By Supporter Contributor Ty Rade
Thank you for offering me the opportunity to voice my concerns regarding the Felix Garcia case. I am an attorney, and I have followed your Web site since your launch. I recently took about an hour, and did some quick investigation on my own. As an attorney, I have access to resources other than Social Media, and Blog sites. I am not licensed in the state of Florida, so I don’t have access to all the trial data, but I have included what I could find, in this post.
You’ve asked for rebuttals, and I respect that. I only hope that you can hear what I have to say, and remain open minded towards it. The simple fact is, questions abound as to how Felix and his attorneys have handled his case. It appears to me, Felix has built a career as a federal court plaintiff.
Florida process for post-trial relief included Felix’ Motion for New Trial, based on newly discovered evidence and the alleged procedural issues. Felix withdrew the newly discovered evidence issue involving the confession of the brother in 1999. The habeus petition doesn’t tell us why this issue was withdrawn and makes no effort to overcome the withdrawal. Florida was thus denied its own process to review its judgment, when the habeus was brought.
He’s let enough time pass from trial to obscure Florida’s defenses to his allegations of unfairness and he’s frustrated the system’s own built-in protections. I submit that he has long ago graduated from being a prisoner wrongly accused, and is now a professional cause celebre, the only job for which he has training and experience. September clemency may well deprive him of his raison d’etre. But absent some good responses from you, as to the choices Felix himself has made, our tikkun olam [Hebrew: healing the world] may well be better spent elsewhere.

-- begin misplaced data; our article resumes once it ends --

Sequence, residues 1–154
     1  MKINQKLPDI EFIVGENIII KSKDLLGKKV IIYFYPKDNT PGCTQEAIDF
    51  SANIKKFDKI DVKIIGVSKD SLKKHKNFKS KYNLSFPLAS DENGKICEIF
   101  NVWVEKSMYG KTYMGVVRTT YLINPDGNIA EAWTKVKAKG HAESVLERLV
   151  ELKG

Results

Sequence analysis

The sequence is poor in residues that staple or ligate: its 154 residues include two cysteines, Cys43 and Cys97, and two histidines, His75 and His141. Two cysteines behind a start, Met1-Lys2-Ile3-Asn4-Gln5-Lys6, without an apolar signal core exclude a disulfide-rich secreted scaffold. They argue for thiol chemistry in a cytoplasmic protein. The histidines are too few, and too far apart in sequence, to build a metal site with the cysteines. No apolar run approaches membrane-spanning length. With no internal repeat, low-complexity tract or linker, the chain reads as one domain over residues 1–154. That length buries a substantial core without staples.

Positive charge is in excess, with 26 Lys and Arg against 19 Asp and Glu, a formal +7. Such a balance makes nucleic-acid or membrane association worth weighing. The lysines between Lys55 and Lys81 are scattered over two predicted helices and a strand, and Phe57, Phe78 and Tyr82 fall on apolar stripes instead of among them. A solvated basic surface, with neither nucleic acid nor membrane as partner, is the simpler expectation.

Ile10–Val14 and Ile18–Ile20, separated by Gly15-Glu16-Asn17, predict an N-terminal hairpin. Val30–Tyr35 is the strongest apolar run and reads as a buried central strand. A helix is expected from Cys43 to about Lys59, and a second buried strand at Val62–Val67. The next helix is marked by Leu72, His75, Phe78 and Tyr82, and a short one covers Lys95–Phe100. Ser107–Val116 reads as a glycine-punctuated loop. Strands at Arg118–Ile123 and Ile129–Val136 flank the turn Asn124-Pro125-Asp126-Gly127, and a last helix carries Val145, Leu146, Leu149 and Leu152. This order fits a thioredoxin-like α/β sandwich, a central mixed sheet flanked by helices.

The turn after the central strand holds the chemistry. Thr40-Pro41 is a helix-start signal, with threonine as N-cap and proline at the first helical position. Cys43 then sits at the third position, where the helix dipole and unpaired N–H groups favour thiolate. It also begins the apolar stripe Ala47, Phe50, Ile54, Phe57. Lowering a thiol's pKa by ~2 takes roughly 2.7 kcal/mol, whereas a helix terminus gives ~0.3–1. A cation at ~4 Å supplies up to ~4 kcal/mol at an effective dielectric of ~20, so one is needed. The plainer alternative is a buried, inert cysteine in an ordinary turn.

I have attached the docket sheet from the federal court (MD Fl) and its history of the petition for habeus corpus.
The Petition for Habeus includes the affidavits of Frank and Tina, and the issues raised in the attempts to obtain post-trial relief in Fl. Felix had voluntarily withdrawn his “newly discovered evidence” issue in 1999; Frank’s affidavit was the basis for that issue. If the strongest piece of evidence you have is a confession, why on earth would you withdraw that confession in your petition?
He waited too long to obtain review of his other issues. The guts are the Petition, Appendix to Petition, and the Response. I’d ask you to print the entire Response, as none of its arguments have been presented on yours or any other, of the blogs. Judge Bucklaw carefully reviewed the factors that Felix said delayed his initial petition for post-trial relief, and found them unavailing. The abandonment of the issue of Frank’s recantation is the biggest problem presented at the State and federal levels.